In this context, GMOA is an important civil society organisation which has a membership of some 18,000 professionals drawn from the highest stratum of the intelligentsia of the country. Free views expressed by GMOA, therefore, enriches the processes involved in the country’s economic democracy. Hence, instead of dissuading, GMOA should be persuaded by all means to participate freely in discussions on the country’s economic policies. In the same way, Dr. Padeniya, being a professional with independent thinking, has all the rights to express his free mind in an economic democracy.
Unveiling of Padeniya Chinthana at the Viharamahadevi Park ‘Padeniya Chinthana’ on ETCA, presented by Dr. Padeniya in his moving speech at the Open Theatre of the Viharamahadevi Park is a mixture of some valid points, weak arguments and irrelevant matters. His fluency in communicating in Sinhala language is a skill about which even a politician should feel envious. In a 30-minute long speech, he spellbound his audience to an unreserved attention to be disturbed only occasionally by encouraging cheering by his fans at some of the bold statements he made against the Government and India.
A summary of ‘Padeniya Chinthana’ as pronounced by him in the speech under reference is as follows.
Padeniya Chinthana: ILFTA’s failure is a failure of economists too The Indo-Lanka Free Trade Agreement or ILFTA, already signed with India and now in operation, is a failure. This is because the whole trade created under the agreement has been in favour of India and Sri Lanka has got only 0.7% of the total trade and India has got the lion’s share even according to the latest data pertaining to 2014. It is the economists who have advised for ILFTA. Since ILFTA has been a failure, it is economists who have failed the country. The failure of economists has been shown on a previous occasion too. That was when they advised that the country should go for a hedging deal and that deal ended in massive losses. The burden of the failure has been passed on the people of this country compelling them to pay for losses over many years into the future.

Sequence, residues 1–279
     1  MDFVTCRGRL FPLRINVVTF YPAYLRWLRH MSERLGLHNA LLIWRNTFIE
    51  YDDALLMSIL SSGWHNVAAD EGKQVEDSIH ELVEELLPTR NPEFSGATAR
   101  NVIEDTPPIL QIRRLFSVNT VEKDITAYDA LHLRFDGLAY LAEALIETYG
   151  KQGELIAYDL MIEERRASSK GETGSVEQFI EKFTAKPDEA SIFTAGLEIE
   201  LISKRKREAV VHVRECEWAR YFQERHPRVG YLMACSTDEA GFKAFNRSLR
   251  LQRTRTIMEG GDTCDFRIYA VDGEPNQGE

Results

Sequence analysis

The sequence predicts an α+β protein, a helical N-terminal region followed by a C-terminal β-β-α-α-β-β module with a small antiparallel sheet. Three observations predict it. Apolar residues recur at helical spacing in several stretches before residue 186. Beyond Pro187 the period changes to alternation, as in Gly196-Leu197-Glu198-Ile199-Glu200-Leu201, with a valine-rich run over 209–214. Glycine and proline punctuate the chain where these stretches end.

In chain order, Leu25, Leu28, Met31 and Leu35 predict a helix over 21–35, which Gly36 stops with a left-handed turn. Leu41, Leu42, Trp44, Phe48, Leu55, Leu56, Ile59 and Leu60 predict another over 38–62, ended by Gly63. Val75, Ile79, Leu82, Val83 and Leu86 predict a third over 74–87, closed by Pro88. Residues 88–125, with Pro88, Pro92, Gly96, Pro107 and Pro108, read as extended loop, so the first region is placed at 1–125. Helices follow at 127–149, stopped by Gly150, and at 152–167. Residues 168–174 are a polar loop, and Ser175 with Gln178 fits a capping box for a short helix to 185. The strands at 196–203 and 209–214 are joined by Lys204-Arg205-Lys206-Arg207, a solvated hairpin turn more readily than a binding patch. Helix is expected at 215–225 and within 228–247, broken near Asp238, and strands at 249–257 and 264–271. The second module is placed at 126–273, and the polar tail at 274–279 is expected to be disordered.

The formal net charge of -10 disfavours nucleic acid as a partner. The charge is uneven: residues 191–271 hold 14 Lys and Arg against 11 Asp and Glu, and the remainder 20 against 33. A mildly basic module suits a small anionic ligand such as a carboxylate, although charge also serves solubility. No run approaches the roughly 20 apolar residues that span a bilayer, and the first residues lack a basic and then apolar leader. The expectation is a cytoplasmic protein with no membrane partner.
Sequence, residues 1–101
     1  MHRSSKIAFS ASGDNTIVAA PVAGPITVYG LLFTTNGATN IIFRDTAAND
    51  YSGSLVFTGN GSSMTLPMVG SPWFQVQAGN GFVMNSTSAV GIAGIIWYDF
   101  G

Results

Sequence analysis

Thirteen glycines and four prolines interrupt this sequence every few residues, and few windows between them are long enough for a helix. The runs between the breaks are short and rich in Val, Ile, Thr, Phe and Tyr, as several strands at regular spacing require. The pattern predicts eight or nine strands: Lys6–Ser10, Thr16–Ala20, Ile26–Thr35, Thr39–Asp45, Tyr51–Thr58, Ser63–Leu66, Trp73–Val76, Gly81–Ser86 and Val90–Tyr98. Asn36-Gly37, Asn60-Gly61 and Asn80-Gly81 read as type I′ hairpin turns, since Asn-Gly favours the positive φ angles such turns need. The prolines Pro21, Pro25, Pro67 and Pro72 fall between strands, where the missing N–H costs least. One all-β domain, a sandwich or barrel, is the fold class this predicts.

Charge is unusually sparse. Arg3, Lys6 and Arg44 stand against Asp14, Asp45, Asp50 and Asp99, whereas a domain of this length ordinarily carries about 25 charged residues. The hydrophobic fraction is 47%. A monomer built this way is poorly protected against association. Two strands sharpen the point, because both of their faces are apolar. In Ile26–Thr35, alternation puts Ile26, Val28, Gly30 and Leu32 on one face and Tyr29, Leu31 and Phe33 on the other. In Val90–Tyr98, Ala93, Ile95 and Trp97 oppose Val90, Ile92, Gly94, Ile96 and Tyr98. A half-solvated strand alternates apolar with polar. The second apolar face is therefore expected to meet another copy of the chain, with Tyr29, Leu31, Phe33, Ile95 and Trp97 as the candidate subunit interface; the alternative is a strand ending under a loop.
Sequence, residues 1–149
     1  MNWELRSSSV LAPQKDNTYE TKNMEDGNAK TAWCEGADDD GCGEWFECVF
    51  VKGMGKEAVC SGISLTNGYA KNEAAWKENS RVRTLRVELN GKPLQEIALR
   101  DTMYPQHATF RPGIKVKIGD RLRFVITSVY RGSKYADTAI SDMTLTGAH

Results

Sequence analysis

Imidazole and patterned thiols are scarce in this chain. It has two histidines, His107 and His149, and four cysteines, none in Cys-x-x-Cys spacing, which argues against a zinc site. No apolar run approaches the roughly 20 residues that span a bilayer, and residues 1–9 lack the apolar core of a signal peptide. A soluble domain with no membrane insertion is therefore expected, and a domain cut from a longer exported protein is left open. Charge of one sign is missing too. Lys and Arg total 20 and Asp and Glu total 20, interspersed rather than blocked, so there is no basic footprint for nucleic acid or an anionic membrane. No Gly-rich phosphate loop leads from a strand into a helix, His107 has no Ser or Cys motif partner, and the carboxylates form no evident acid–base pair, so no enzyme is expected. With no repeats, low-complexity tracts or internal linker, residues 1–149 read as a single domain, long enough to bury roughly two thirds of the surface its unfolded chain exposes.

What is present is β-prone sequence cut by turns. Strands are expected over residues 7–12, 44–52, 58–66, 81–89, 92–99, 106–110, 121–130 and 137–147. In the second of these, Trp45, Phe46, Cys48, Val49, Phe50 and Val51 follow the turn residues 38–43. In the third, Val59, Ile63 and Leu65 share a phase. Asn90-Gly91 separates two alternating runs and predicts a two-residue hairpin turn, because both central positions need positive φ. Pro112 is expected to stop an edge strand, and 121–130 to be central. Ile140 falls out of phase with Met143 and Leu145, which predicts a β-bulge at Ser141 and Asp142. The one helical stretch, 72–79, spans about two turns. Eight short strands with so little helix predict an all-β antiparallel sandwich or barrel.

Padeniya Chinthana: Don’t rely on continuously failing economists But economists have not taken responsibility for their failures. Hence, to continue to act on a group of professionals who have failed the nation is not a sound strategy. It is like continuing to seek medical treatment from Dr. Padeniyaas a medical specialist when patients under his care have continued to die. As such, economists should not be given the monopoly power to decide on the country’s economic policies. It is these economists who have even misled the politicians.
Padeniya Chinthana: A national policy on trade agreements a must The proposed ETCA is definitely not for Sri Lanka’s benefits. That may be the reason why secrecy has been maintained about the proposed agreement throughout. When GMOA asked for full information relating to the proposed ETCA, the response received from the authorities has been in the negative. Hence, GMOA has now written to the President of the country stressing the need for full disclosure. GMOA, as a professional body requests the Government to first have a ‘national policy’ on international trade agreements to assure that they will not compromise the country’s national defence, citizens’ security and future well being of the people.
Padeniya Chinthana: Parliamentarians are not to be trusted In this context, it is unwise to depend on the Parliamentarians for delivering the best for Sri Lankans. That is because most of the Parliamentarians today are with low educational qualifications, without competence in English language and even when they know their English, not in a position to grasp the meaning of the clauses filled with technical jargons. Hence, they might raise their hand to approve of it without bothering about the implications of ETCA for the country’s national security. ETCA is simply one peg in the more harmful ‘Indianisation’ of the country that is taking place at present.